3. You must be your mother’s daughter when it comes to tomatoes. Last year I came home with 16 plants! They were all heirloom varieties, I don’t think your father or sister were happy to see them, we only had a few before leaving. No one is there to plant anything this spring so I’m hoping to have some volunteer repeats of the tomatoes at least. Five weeks till touch down!!Hurray!!

  4. I’m ready to start quilting when you are!

  5. I am growing tomatoes, courgettes, French beans, strawberries, Tayberries, salads, and lots of different herbs. My garden is tiny though! You have so much space. I am looking forward to hearing how your vegetable gardening works out 🙂

  6. Hello, I found your blog while searching for shot cotton photos. I was buying my very first yardage of it (yay!)and wanted to get more of a handle on what the colors looked like in real life. I am so excited because it seems you have many of the same interests and ideas that I do, it’s fun to see your take on them.
    I love to garden. I had to shrink my garden recently for health reasons, but I still have one. I love sorrel (I have “Garden Sorrel); I think it’s such a neat thing and it is a very reliable perennial. For green tomatoes, we like the Green Zebra ones and they are easy to find, which is nice, and our plants are always very productive. We have tried Green Moldovan which we did not care for. We have also grown purple, white and red varieties, but I won’t go into it! It is so easy to become a “collector” of vegetable plants and seeds!
    Your raised bed looks lovely and I am jealous of it.
    This year in my very tiny vegetable space I have three types of tomato (Green Zebra, Rainbow and undetermined which my kindergarten age son gave me) and two types of pepper (cayenne and jalepeno…we like serrano best but I was too busy to start from seed this year). I also have herbs because we use those a lot in eggs, bread, pasta, etc etc (rosemary, two types of basil: large- and small-leafed, tarragon, cilantro, curly-leafed parsley, bay, chocolate mint and thyme). Some little alpine strawberries scattered hither and thither and a fig tree. A window box to do baby lettuce for salad. That’s all for veggies & fruits this year so far. Showing restraint.
    Whew! Sorry for the long comment, it is almost impossible to stop when discussing plants.

  7. We just built 4 8×3 boxes this weekend and we’ll have greens on the way soon. 🙂

  8. We’ve been filling up our seven 8×4 beds with dirt. Two have been planted out with paste tomatoes for canning (to preserve 37 quarts of diced tomatoes you need approximately 21 tomato plants. I will still have to buy a couple of hundred pounds of tomatoes from my local u-pick farm.), I have cayenne peppers, and three of the beds are being reserved for my winter garden which I will plant out with carrots, beets, chard, and kale in another month.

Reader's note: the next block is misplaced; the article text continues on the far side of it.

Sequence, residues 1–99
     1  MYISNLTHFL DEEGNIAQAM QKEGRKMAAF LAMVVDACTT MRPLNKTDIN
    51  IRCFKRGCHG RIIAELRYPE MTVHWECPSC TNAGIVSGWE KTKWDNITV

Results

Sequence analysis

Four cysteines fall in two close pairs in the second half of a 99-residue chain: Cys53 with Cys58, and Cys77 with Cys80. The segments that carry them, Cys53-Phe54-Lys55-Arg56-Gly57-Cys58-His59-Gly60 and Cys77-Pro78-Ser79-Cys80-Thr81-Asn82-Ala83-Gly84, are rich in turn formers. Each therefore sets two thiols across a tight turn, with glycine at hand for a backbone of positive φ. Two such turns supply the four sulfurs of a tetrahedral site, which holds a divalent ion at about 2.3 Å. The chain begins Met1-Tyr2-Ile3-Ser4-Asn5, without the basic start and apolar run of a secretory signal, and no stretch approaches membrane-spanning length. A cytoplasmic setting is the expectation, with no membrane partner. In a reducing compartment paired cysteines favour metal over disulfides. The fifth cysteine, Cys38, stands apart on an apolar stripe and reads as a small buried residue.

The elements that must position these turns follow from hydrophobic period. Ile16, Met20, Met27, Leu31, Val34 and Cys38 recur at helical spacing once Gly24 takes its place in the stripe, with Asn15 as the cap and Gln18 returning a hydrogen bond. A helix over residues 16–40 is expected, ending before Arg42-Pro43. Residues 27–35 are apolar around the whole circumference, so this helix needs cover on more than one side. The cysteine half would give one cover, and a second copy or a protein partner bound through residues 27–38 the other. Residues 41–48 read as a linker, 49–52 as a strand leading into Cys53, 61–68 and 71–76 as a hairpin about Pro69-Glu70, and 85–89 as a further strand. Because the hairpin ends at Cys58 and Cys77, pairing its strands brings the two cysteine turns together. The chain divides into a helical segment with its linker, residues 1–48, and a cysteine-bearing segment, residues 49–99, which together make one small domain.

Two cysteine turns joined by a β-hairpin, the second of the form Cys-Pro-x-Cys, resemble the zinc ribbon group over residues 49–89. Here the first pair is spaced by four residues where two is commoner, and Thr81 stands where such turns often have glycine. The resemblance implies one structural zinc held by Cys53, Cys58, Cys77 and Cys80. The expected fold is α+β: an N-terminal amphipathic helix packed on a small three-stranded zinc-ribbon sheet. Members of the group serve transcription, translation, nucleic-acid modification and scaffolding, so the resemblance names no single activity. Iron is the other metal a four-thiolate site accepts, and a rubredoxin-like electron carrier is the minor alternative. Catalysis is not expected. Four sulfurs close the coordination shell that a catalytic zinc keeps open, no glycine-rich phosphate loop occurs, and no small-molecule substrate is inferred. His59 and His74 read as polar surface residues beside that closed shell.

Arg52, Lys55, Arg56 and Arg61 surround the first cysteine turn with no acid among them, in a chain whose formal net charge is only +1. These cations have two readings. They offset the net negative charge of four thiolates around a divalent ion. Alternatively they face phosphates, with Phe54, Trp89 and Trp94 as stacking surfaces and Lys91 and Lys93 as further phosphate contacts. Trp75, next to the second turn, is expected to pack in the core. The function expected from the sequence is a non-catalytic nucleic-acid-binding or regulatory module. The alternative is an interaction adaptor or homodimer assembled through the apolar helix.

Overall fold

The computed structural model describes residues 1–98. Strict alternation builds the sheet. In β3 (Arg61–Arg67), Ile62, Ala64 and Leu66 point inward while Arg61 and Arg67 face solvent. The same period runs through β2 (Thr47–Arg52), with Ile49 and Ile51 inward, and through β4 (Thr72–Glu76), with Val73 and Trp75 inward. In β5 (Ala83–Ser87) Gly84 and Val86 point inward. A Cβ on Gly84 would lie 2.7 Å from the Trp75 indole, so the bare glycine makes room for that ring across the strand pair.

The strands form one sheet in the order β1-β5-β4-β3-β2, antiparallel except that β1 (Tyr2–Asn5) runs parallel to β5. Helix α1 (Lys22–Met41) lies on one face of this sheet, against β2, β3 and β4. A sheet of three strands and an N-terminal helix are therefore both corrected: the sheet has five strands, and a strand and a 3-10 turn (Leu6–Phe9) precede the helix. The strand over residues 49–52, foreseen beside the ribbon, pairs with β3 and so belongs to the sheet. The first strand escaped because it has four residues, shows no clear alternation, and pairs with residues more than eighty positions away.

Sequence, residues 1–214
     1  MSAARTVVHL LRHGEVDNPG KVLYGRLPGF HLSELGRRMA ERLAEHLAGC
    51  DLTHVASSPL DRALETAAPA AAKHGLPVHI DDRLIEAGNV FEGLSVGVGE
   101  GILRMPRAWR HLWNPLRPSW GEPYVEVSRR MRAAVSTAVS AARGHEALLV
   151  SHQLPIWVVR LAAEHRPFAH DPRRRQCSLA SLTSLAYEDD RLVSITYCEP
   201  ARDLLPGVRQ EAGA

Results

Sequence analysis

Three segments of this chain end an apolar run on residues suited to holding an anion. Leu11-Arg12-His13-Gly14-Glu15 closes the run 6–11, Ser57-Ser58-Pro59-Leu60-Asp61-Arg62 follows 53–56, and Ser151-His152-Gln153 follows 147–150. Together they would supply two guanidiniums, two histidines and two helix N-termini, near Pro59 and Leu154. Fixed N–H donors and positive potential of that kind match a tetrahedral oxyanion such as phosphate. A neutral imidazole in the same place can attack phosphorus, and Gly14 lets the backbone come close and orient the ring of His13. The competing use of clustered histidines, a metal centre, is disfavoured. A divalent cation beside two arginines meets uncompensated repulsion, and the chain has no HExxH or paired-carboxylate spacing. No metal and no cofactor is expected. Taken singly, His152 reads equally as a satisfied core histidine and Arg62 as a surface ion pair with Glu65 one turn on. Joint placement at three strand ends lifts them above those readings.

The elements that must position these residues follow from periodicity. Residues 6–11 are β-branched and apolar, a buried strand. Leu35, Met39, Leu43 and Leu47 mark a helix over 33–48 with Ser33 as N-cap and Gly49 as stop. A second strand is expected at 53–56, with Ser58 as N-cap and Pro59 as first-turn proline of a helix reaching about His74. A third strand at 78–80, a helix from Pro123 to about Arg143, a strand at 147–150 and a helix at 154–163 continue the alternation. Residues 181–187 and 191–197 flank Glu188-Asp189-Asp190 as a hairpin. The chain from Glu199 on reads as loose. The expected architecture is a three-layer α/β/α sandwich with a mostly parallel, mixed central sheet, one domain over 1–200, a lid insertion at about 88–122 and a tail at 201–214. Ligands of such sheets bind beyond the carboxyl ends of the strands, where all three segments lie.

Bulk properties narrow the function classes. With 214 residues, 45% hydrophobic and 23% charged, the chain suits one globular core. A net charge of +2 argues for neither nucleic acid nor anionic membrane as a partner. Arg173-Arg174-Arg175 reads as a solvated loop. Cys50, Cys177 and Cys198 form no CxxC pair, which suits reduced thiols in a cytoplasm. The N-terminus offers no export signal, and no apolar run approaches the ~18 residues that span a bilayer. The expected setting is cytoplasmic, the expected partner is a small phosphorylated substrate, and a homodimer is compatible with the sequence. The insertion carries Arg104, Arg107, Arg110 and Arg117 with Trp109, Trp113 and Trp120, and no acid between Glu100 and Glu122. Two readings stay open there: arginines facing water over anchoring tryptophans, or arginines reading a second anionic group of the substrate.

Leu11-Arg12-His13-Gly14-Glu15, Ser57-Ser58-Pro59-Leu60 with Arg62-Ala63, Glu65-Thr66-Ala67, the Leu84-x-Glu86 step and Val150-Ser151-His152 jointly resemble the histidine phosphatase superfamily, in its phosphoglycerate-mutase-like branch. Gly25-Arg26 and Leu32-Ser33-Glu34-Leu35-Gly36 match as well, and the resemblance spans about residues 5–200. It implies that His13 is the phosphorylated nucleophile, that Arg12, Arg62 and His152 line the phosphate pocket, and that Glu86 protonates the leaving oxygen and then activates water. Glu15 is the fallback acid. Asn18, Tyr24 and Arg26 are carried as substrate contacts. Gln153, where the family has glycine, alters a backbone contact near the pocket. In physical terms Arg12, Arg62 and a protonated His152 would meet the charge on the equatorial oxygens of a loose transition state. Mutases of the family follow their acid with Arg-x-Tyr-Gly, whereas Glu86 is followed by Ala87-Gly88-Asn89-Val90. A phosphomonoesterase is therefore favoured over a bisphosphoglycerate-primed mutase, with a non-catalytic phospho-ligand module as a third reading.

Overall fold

I also have a garden that I refer to as my “monastery” garden as it was inspired by the decorative raised beds monasteries usually had within their grounds in the 1200s. I’ve got fava beans, slicing tomatoes, slicing cucumbers, pickling cucumbers, herbs, shallots, and beans growing in that one.
    I love your garden bed and it’s exciting to see you get so enthusiastic about so many wonderful things (like the bee-keeping, the crafts, and the hens).

  9. Courgettes sound much more elegant than zucchinis :o) What are Tayberries?
    We have a pretty unique situation for California, our house is quite small
    (only about 1000 sq. feet), but we have almost an acre of land. Most people
    have big, huge houses on little tiny lots. I like it our way better.
    Although I guess I’m just trading housecleaning for yard cleaning. But I
    would rather be outside than inside, so it’s just fine with me!

  10. So are you taking the quilt apart and repiecing it? I inherited about 5 unfinished tops from My Granny. I left them as is, but seeing them, adding backing, appliquéing them, stitching them, try oh so unsuccessfully to square them up, made me really appreciate all the tools we have now to make quilting go a lot smoother.
    I’m an apartment dweller trying to do container gardening. I have basil and tomatoes. Gardening is so much fun. I think I would try out several things at first, just like you. Then after a couple of years I’d know exactly what I wanted to grow. You could then do an experimental bed, then beds for the things you know you like. It all looks very wonderful and I hope you have fun with it. I look forward to watching your garden grow.

  11. What’s your Ravelry username? I would really love to see your projects!

  12. Wow! I can’t believe how much stuff you’re growing! That’s so awesome. I can’t wait until we have more room for a “real” garden. Right now I just have a few containers — tomatoes, lemon tree, mint, chives, oregano and two types of peas (though they are basically fried).
    Can’t wait to see what you do with the quilt! I have a quilt my great-grandmother (or maybe her mother?) made in the 1930’s. I LOVE the fabric and the workmanship is good. However, a lot of the quilt is just disintegrating (the backing is mostly gone). I want to somehow fix it — maybe replace the bad pieces with repro fabrics — or just cut it up and frame the good pieces. I’m not sure what to do!